The distinction between an on-going spotlight between jazz musicians defining musical sensibilities amongst themselves, at work, and that of Marsalis discussing such things is that Marsalis has the spotlight, the media and the audience goes to him, and it is there where the debate, this debate begins. We disagree as the to the role of critics, but I think the ghettoizing of jazz is to laid precisely at the feet of white writers and intellectuals. Amiri Baraka is a great man and an important critic, and presented jazz as a continuous aesthetic of liberation, and correctly defined African American music as music about freedom and struggle, and the search for knew knowledge, the extension of the voice, the exploration of the soul into knew knowledge. As Baraka is an unapologetic socialist to this day, a brave and lonely vantage in an a culture that thinks a free-market can resolve permanent problems in the human condition, I don't think it accidental that his views are ignored, and frankly unknown to most. Marsalis William Bennett-ish view, that jazz should embody virtues conduce to conduct in a democratic society, is a valid one, and we may understand it's broader appeal, but real, neo-bop purism is needed in an art like jazz, as art, any art, cannot be remain a living thing, generation-to-generation, if the past is not known.Simply, Marsalis is part of generation of artists and intellectuals in the African American community who are no part of the mainstream dialogue in America.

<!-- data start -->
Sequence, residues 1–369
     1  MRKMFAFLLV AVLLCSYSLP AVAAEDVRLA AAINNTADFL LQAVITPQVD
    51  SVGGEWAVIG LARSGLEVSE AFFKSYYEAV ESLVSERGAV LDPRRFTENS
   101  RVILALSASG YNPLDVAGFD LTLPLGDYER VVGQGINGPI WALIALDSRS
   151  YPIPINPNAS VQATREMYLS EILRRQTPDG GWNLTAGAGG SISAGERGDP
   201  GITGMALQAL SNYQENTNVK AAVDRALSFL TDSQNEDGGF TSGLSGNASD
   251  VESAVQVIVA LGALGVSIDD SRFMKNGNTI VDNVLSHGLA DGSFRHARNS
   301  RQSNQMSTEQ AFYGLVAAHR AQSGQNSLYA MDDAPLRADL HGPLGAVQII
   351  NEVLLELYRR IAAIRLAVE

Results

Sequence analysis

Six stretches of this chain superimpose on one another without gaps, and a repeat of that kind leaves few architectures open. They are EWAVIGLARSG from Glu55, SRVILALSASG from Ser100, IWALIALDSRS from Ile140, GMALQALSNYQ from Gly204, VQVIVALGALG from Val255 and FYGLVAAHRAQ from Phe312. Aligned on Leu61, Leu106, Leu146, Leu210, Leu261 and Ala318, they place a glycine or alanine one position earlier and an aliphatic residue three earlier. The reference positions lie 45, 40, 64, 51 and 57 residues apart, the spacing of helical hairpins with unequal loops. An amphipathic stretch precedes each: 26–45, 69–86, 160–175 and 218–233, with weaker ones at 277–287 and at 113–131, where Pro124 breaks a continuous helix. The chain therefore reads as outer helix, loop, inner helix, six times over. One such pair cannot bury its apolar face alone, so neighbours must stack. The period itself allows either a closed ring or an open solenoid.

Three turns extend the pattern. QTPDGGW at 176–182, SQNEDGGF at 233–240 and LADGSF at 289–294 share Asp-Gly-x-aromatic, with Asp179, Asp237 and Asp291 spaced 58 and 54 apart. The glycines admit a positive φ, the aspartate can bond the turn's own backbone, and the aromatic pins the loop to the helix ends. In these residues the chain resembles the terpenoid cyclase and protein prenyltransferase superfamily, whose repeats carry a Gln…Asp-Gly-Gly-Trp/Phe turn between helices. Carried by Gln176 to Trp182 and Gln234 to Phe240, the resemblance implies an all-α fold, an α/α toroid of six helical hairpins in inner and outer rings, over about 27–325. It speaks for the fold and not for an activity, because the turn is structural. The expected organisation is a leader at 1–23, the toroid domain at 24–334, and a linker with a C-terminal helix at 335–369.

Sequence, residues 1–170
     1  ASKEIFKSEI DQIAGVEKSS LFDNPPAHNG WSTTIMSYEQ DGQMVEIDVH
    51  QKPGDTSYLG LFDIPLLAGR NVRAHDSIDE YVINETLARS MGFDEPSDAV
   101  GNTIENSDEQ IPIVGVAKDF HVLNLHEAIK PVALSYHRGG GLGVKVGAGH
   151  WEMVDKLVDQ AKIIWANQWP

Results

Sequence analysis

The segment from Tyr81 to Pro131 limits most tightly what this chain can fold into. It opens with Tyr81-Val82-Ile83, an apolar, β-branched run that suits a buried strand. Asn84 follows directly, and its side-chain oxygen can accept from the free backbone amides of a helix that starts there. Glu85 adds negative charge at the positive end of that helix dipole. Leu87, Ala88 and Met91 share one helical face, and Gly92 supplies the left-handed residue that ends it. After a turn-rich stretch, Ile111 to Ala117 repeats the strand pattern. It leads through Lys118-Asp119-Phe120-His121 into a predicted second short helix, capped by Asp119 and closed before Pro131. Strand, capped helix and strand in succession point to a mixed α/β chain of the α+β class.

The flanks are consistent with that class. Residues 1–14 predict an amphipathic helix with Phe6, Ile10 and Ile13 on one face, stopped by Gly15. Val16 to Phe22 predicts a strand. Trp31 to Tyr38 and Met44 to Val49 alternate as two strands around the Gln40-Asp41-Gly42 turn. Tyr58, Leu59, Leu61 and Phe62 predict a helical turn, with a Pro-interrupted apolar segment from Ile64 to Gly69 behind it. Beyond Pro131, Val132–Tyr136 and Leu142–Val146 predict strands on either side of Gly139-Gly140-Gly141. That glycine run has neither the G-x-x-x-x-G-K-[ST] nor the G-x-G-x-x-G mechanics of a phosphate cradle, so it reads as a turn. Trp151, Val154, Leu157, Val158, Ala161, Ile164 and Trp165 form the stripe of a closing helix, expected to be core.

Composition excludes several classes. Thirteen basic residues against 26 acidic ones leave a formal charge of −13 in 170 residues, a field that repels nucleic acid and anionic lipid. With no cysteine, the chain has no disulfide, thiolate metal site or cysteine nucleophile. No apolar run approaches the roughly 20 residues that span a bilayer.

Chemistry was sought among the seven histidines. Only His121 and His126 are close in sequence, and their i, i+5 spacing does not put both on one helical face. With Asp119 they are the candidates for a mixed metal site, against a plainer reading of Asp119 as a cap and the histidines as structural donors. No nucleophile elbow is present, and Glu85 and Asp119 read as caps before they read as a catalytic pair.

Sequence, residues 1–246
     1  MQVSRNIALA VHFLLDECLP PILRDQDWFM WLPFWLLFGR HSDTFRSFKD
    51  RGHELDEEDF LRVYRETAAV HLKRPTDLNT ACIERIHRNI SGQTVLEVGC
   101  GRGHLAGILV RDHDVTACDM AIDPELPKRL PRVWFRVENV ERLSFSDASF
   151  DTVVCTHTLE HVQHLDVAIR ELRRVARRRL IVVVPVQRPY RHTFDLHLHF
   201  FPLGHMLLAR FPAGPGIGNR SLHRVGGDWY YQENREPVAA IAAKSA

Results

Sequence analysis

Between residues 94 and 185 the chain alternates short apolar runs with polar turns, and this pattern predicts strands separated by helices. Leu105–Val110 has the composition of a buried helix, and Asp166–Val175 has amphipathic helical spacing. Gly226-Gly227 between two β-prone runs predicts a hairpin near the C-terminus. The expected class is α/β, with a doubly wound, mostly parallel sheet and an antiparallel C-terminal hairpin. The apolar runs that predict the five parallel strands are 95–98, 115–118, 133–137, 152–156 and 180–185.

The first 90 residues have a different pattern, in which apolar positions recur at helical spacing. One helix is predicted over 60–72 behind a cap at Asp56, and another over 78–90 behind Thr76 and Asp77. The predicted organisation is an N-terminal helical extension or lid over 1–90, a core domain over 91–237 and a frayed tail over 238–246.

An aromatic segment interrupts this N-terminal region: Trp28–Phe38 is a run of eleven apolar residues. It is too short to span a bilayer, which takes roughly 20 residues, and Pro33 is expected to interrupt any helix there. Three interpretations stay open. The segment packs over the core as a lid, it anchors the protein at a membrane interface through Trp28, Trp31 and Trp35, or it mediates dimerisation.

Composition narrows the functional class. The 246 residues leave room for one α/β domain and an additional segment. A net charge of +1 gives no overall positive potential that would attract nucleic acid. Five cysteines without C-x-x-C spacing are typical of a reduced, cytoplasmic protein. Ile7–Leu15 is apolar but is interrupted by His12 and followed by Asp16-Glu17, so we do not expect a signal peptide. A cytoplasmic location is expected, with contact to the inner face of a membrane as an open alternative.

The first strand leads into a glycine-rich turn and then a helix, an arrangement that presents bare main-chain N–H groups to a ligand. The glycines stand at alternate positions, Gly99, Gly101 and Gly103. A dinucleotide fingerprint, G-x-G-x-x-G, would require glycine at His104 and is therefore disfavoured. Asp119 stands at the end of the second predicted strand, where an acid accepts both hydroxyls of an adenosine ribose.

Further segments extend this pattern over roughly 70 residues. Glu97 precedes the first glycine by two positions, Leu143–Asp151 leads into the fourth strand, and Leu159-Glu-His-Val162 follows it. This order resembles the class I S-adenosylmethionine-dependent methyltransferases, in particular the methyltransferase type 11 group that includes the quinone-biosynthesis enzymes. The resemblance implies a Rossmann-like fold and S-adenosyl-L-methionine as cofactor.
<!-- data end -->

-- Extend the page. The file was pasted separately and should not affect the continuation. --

For the ghettoization of jazz, my impression from reading Feather, Lees, Giddins, and Balliet, is the lack of lyricism in their prose, the lack of imagery in their description.The tendency--noticed over three decades of reading their stuff on and off in dailies and in journals--is that they approach jazz merely as a matter of technique and stylized virtuosity.Maybe this is the only way they could approach, maybe these were the blinders they couldn't remove, but the approach still reduced jazz to a sub-category of European music.The rise fo the black artist and intellectual into this conversation is to say, all matters being undecided, that jazz is not a sub category of anyone's music. This upsets a lot of people.I think it's one of the most interesting cultural debates going on in America at the present time.

Stanley Crouch, Albert Murray, Cornell West, bell hooks, Gerald Earley--these are actually first rate thinkers, agree or not with their conclusions, but the fact of the matter is that we need more high-profile cats like Marsalis, from every facet and corner of the black community, to debate , to clamor, and to insist on jazz being a great American art form they created, and thus claim their rights Americans. Again, Marsalis is not my favorite player, and I think his dalliance in two camps, classical and jazz, dilutes his performances in both, but he did get us arguing something that really matters.I will say it again, for that much, he deserves our thanks.